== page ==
Being summoned is a call to be present for a specified action . It is not an order but a formal diplomatic request that has the effects of an order. There would be consequences if the Ambassador does not accept the request or doesn’t show up. The Ambassador or designate usually show up at an agreed time and place. It is rarely known in diplomacy of a diplomat not attending a summoning. If you don’t respond, you could be sent packing or have aid to your country reduced. The US rarely summon diplomats of non-threatening countries. Only in extreme cases are diplomats summoned. Russian diplomats get summoned all the time. And there was usually tit for tat in Moscow and Washington. Guyana rarely if even summoned any diplomats in Georgetown. The public announcement of the summoning of an Ambassador usually indicates tension and a deterioration of relations; it is not good for the weaker state.  

If the US wishes to express its displeasure to the Guyana government about some matter, it would do so through its Ambassador in Georgetown or the Guyana Ambassador in Washington. Reports about ambassadors being “summoned” often appear in the news and this happens amid rising tensions between nations. If there is a public announcement, then it is serious.  The US or some other government would not send for President Ali; that is not how diplomacy is conducted. Having said so, it does not preclude Secretary Blinken from conveying a message to the visiting Guyana President and VP and delegation on America’s concerns on various issues – China’s growing presence would be top of the agenda. There are others which I would convey to friends.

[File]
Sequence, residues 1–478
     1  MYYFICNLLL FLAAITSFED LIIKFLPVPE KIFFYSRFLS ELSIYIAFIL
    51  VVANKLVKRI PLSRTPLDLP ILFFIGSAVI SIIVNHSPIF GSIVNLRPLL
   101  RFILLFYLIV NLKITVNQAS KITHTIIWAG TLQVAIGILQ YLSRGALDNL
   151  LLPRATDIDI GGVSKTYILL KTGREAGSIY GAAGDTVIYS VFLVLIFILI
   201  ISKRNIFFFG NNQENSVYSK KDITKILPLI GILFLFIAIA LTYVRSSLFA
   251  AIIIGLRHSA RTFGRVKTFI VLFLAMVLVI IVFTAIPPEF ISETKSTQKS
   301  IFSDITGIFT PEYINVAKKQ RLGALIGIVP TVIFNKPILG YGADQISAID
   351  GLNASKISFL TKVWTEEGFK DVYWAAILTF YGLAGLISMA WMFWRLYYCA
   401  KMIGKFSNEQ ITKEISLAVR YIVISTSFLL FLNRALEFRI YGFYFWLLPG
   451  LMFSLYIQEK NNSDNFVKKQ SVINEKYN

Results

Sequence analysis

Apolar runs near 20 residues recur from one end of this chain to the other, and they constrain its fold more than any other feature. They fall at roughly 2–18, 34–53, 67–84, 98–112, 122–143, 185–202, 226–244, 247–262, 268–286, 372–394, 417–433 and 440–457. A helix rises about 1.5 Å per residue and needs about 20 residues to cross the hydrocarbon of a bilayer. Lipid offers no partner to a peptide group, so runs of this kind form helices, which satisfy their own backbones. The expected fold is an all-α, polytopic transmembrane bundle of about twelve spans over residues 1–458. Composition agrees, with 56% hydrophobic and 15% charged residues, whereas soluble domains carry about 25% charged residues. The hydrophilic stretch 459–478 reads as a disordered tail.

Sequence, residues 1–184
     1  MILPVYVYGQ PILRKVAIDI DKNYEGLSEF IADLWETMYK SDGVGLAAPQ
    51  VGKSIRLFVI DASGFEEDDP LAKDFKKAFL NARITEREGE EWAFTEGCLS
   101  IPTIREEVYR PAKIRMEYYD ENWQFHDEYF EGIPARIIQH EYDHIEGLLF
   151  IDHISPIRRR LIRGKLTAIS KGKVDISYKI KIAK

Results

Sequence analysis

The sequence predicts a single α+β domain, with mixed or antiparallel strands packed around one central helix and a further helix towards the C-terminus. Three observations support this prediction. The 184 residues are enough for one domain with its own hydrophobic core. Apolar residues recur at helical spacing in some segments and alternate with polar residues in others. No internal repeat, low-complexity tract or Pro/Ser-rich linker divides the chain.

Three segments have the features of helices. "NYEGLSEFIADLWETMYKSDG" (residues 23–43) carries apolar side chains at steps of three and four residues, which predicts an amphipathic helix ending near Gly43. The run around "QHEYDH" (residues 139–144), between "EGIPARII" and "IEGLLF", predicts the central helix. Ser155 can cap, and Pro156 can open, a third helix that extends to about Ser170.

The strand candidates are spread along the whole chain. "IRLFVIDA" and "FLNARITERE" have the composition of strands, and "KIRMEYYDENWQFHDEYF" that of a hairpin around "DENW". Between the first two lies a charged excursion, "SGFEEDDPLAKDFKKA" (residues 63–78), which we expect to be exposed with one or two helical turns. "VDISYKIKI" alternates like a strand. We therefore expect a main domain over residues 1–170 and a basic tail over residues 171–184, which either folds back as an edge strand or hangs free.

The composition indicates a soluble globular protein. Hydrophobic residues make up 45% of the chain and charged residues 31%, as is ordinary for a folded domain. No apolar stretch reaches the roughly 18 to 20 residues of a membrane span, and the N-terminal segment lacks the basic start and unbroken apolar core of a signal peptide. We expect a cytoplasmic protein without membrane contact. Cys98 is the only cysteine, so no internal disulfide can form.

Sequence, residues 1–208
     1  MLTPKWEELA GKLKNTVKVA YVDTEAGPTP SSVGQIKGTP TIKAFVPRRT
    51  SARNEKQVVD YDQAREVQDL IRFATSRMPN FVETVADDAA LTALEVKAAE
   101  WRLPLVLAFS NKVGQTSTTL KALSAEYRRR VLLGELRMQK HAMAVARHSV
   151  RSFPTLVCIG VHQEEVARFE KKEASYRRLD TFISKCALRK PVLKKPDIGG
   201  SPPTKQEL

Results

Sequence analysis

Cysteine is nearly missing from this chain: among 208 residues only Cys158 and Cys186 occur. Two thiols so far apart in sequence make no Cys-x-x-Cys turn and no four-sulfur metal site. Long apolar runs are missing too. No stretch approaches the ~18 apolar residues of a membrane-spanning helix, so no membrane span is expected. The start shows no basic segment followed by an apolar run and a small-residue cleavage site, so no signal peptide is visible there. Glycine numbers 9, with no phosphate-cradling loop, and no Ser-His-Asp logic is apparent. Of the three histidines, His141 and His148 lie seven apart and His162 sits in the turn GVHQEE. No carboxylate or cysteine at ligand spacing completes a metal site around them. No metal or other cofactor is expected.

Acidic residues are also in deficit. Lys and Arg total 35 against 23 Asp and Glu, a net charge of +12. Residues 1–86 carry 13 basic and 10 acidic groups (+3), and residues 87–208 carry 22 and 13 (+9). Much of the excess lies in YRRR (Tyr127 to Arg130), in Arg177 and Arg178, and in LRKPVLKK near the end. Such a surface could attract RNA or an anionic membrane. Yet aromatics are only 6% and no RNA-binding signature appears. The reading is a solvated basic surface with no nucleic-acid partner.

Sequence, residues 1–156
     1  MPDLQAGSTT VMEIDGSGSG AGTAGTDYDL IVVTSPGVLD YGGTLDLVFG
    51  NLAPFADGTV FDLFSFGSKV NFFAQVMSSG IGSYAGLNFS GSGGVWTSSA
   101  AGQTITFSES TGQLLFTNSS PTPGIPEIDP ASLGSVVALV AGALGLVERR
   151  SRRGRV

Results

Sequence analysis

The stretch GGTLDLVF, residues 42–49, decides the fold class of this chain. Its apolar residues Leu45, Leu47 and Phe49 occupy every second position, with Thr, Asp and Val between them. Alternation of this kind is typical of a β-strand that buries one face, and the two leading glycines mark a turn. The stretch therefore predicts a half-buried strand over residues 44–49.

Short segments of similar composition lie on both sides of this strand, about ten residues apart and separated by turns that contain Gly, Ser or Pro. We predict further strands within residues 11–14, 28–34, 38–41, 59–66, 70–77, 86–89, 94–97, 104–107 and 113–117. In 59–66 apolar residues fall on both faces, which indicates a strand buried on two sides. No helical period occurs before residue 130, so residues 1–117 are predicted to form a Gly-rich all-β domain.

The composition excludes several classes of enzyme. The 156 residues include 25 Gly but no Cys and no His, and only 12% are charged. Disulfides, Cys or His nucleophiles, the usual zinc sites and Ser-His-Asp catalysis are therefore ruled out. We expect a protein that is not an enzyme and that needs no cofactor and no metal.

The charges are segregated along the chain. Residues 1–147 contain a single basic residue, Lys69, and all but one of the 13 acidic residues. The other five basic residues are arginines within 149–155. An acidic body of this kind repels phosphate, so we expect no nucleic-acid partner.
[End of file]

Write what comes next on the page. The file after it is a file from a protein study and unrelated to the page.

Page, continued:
A summoning is a serious concern. The receiving country means business. One would not want to mess with Washington or Ottawa or London. Those countries saved democracy and facilitated change in government in Guyana in 1953, 1964, 1992, 2015, and 2020. They have the tools to change government that is not of their liking and they should if one were to consider that more Guyanese live in the three than in Guyana.

In brief, the President of a country does not get summoned to the capital of another country but its Ambassador or designate does. Guyana’s Ambassador was summoned during the coalition tenure.  My recollection is it was about the attempted electoral fraud. But Ambassadors could also have gotten summoned to the State department and lectured on corruption, relations with China, and the presence of Islamic radicals who had posed a threat to US.

President Ali was not summoned to Washington. It was a trip long overdue given Guyana’s new geo-political relevance and importance as source of energy. The trip would have been requested by both sides and formalized for this time of the year to discuss areas of concerns for bilateral relations.

Dr Vishnu Bisram

Dr. Vishnu Bisram is Guyanese born who received his primary and secondary education in Guyana and tertiary education in the US and India. He is a holder of multiple degrees in the natural sciences, social sciences, and education. He taught for over forty years in the US. He is a specialist on the Indian diaspora traveling globally to research and write about Indian communities.